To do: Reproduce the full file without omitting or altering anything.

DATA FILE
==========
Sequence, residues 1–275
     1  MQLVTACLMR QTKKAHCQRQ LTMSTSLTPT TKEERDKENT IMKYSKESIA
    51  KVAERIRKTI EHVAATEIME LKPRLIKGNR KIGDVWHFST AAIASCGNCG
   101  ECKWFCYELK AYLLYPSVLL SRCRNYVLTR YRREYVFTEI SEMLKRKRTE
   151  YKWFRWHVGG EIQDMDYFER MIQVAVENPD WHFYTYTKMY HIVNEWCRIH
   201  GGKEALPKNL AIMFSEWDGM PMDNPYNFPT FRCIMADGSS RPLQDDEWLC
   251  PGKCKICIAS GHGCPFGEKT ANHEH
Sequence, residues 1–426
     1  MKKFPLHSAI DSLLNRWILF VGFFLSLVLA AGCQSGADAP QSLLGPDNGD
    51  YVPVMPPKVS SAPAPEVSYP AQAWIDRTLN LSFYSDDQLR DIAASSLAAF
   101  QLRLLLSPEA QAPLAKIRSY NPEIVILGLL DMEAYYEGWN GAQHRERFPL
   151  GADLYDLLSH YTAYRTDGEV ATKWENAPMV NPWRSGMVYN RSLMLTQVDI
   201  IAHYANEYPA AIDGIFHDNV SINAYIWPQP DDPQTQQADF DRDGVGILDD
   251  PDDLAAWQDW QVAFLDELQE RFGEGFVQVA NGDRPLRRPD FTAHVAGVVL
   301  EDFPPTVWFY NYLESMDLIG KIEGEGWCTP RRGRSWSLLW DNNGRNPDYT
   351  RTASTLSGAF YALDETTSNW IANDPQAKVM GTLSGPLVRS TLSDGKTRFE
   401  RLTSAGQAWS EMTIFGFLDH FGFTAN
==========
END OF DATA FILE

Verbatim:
Sequence, residues 1–275
     1  MQLVTACLMR QTKKAHCQRQ LTMSTSLTPT TKEERDKENT IMKYSKESIA
    51  KVAERIRKTI EHVAATEIME LKPRLIKGNR KIGDVWHFST AAIASCGNCG
   101  ECKWFCYELK AYLLYPSVLL SRCRNYVLTR YRREYVFTEI SEMLKRKRTE
   151  YKWFRWHVGG EIQDMDYFER MIQVAVENPD WHFYTYTKMY HIVNEWCRIH
   201  GGKEALPKNL AIMFSEWDGM PMDNPYNFPT FRCIMADGSS RPLQDDEWLC
   251  PGKCKICIAS GHGCPFGEKT ANHEH
Sequence, residues 1–426
     1  MKKFPLHSAI DSLLNRWILF VGFFLSLVLA AGCQSGADAP QSLLGPDNGD
    51  YVPVMPPKVS SAPAPEVSYP AQAWIDRTLN LSFYSDDQLR DIAASSLAAF
   101  QLRLLLSPEA QAPLAKIRSY NPEIVILGLL DMEAYYEGWN GAQHRERFPL
   151  GADLYDLLSH YTAYRTDGEV ATKWENAPMV NPWRSGMVYN RSLMLTQVDI
   201  IAHYANEYPA AIDGIFHDNV SINAYIWPQP DDPQTQQADF DRDGVGILDD
   251  PDDLAAWQDW QVAFLDELQE RFGEGFVQVA NGDRPLRRPD FTAHVAGVVL
   301  EDFPPTVWFY NYLESMDLIG KIEGEGWCTP RRGRSWSLLW DNNGRNPDYT
   351  RTASTLSGAF YALDETTSNW IANDPQAKVM GTLSGPLVRS TLSDGKTRFE
   401  RLTSAGQAWS EMTIFGFLDH FGFTAN